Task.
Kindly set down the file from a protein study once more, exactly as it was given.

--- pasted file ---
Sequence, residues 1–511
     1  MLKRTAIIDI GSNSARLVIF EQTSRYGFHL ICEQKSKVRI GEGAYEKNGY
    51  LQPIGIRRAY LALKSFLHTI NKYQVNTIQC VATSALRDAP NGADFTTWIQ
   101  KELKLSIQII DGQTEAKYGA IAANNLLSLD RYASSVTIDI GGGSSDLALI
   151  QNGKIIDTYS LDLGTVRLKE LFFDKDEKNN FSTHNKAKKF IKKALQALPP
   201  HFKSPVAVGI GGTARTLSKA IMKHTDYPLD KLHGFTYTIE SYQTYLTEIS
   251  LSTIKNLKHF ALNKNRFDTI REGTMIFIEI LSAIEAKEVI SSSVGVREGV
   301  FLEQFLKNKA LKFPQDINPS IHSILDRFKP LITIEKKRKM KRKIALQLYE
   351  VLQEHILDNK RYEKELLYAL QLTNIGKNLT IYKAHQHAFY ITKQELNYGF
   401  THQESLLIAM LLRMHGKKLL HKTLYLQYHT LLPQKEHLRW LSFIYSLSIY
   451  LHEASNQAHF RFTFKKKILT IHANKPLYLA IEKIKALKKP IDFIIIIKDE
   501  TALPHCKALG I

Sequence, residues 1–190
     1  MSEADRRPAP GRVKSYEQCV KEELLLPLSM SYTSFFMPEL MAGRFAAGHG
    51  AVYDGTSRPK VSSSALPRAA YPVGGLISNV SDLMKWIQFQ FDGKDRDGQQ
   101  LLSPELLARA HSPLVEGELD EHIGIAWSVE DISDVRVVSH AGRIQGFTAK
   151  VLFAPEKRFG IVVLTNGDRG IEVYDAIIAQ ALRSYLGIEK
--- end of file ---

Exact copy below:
Sequence, residues 1–511
     1  MLKRTAIIDI GSNSARLVIF EQTSRYGFHL ICEQKSKVRI GEGAYEKNGY
    51  LQPIGIRRAY LALKSFLHTI NKYQVNTIQC VATSALRDAP NGADFTTWIQ
   101  KELKLSIQII DGQTEAKYGA IAANNLLSLD RYASSVTIDI GGGSSDLALI
   151  QNGKIIDTYS LDLGTVRLKE LFFDKDEKNN FSTHNKAKKF IKKALQALPP
   201  HFKSPVAVGI GGTARTLSKA IMKHTDYPLD KLHGFTYTIE SYQTYLTEIS
   251  LSTIKNLKHF ALNKNRFDTI REGTMIFIEI LSAIEAKEVI SSSVGVREGV
   301  FLEQFLKNKA LKFPQDINPS IHSILDRFKP LITIEKKRKM KRKIALQLYE
   351  VLQEHILDNK RYEKELLYAL QLTNIGKNLT IYKAHQHAFY ITKQELNYGF
   401  THQESLLIAM LLRMHGKKLL HKTLYLQYHT LLPQKEHLRW LSFIYSLSIY
   451  LHEASNQAHF RFTFKKKILT IHANKPLYLA IEKIKALKKP IDFIIIIKDE
   501  TALPHCKALG I

Sequence, residues 1–190
     1  MSEADRRPAP GRVKSYEQCV KEELLLPLSM SYTSFFMPEL MAGRFAAGHG
    51  AVYDGTSRPK VSSSALPRAA YPVGGLISNV SDLMKWIQFQ FDGKDRDGQQ
   101  LLSPELLARA HSPLVEGELD EHIGIAWSVE DISDVRVVSH AGRIQGFTAK
   151  VLFAPEKRFG IVVLTNGDRG IEVYDAIIAQ ALRSYLGIEK